by: Daniel Beaule
A month ago, a record number of attendees gathered at the 2018 Appliance Service Training Institute in St. Pete’s Beach, FL. Steered by the United Servicers Association board members and our own Executive Director Ms. Sarah Brown, the event delivered on the growing demand from the members for advanced business and technical training. It was with great pleasure that I spoke about growing your business and leading your industry during the pre-event training in front of a crowd of 50 entrepreneurs that were hungry to get to the next step. Knowing that 7 years ago I was sitting with you and learning the basics of our trade, I wanted to share some concepts that were important to help me shape my life the way I wanted it to.
Thank you Tim Ferriss!
It all started with the 4-hour Workweek. In 2009, my employer and friend Daniel Robichaud gave me a book to read: The 4-Hour Workweek. A book that invites you to fight the status quo and to design and live the life of your dream. This was a game changer because at the time, when I read it, I understood that I was dreaming of my future as a professional, but not as a human being. It was the first time that I realized that the biggest barrier in our life is ourself. Since then, life happened and opportunities came. Learning to question the status quo helps you open yourself to other concepts or like we’ve all heard before: “There must be a better way…”
Granting yourself time to think
We at Service 2000, my own appliance repair company located in Montreal, Canada, are making a dent in the appliance repair industry. We do it because we free ourselves some time to envision the future, measure what we do good (and wrong) and invest time on improving productivity and happiness at work. It’s as simple a recipe as that. Why then is taking a step back to think so hard to do? Why are most entrepreneurs stuck in their routine, unable to breathe? Is this your case? Let me just refer to another important book in my life that I read around 2010 but really started understanding and applying a couple of years later: Stephen Covey’s Seven Habits of Highly Effective People. Here are the seven habits that I invite you to read and sink in:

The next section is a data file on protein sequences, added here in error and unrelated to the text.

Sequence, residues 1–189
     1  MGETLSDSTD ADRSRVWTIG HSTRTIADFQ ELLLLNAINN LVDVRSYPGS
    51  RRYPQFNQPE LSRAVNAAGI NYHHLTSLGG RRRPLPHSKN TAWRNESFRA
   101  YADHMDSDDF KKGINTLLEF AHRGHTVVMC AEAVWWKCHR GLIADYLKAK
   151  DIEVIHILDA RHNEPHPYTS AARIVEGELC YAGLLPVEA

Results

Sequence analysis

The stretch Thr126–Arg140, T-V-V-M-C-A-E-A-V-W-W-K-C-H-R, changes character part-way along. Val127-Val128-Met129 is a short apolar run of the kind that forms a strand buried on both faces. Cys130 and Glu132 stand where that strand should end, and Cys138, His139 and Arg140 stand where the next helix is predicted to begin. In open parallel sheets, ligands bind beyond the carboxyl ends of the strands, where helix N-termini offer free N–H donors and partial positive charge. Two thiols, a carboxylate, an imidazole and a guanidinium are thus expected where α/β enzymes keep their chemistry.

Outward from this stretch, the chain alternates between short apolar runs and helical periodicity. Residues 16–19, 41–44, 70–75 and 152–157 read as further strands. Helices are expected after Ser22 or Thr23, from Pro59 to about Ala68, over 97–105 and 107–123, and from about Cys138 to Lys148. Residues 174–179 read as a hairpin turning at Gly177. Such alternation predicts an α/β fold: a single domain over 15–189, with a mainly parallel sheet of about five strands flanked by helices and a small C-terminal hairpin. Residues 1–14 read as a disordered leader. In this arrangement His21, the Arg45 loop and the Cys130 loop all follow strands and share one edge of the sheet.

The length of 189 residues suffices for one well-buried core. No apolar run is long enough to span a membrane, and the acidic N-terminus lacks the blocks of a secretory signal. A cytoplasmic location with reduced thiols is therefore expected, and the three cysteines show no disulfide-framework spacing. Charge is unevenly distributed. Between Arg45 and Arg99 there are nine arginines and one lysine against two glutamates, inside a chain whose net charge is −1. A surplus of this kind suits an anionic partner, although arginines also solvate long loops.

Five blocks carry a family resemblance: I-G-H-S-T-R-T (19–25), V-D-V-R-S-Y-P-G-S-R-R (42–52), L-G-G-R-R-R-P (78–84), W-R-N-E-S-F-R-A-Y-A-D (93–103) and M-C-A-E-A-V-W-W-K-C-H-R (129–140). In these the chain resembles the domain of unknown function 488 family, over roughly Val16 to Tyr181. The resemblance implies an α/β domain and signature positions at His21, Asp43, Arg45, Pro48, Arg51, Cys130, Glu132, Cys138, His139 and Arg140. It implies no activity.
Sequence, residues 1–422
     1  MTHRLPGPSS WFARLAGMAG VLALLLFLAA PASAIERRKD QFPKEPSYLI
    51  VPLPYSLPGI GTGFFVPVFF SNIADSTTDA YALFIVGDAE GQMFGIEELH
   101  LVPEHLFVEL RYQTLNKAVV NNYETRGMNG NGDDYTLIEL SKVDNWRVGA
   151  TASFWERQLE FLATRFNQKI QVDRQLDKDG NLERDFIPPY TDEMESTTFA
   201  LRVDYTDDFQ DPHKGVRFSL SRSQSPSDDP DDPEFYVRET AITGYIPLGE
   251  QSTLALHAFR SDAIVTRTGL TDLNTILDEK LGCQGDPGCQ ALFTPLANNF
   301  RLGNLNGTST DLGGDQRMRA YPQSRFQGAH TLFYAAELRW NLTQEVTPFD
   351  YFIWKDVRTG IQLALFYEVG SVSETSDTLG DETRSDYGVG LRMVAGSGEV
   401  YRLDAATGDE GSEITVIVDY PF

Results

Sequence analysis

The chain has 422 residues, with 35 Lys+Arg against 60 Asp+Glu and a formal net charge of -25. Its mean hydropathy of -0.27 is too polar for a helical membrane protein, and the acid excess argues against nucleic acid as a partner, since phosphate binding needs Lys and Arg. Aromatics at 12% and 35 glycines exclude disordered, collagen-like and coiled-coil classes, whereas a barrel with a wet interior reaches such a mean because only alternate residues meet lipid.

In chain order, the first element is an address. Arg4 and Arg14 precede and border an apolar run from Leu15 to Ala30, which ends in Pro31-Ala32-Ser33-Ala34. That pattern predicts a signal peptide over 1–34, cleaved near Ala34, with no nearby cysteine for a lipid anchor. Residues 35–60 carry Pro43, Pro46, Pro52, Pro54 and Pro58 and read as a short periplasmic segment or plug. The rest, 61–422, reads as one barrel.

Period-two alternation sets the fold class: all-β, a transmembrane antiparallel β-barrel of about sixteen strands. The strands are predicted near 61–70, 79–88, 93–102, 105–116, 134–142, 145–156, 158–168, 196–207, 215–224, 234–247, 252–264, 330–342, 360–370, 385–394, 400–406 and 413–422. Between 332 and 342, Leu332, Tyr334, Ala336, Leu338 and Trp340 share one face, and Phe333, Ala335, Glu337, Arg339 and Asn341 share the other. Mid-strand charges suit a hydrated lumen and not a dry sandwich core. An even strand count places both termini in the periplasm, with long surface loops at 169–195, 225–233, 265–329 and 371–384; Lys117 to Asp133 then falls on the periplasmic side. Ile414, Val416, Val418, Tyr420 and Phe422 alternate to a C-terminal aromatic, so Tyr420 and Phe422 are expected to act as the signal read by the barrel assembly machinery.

- Be Proactive: don’t wait for life to fall on you. Study it, its opportunities and challenges, and act upon it. If you don’t control it, it controls you, right?
- Begin with the end in mind. You might have started your business to make money, but there are higher goals. What legacy will you leave, what impact will you have had in your community or even who will buy your business?
- Put First thing first: Are you investing your time where the return is the highest? Are you solving symptoms of root causes? Are you planning to double your productivity over the next year? next five years?
- Think win-win: In this age where finding your key people is harder, are you acting as an A employer who is feeding its people with security, a sense of belonging and a sense of mattering? Are you all making a difference together?
- Seek first to understand then to be understood: because people don’t care how much you know until they know how much you care
- Synergize: know your strengths and surround yourself with complementary people sharing your values and learn to work as a team so to maximize your output.
- Sharpen the saw: renew your mental and physical strengths, free your mind, work on improving your knowledge and to become a better person.
These habits were listed almost thirty years ago, yet remain true today. Take a moment and try to figure out your life if you were to put these habits in place. Do you see how you could free some quality time? Do you see how drama, crises generated by a lack or clarity and organization, could phase out of your life? Are you willing to commit to applying one or more of these habits in the next few months? Stepping back to think is like exercising a muscle. First it is hard, but then you get used to it and the benefits will soon outweigh the efforts.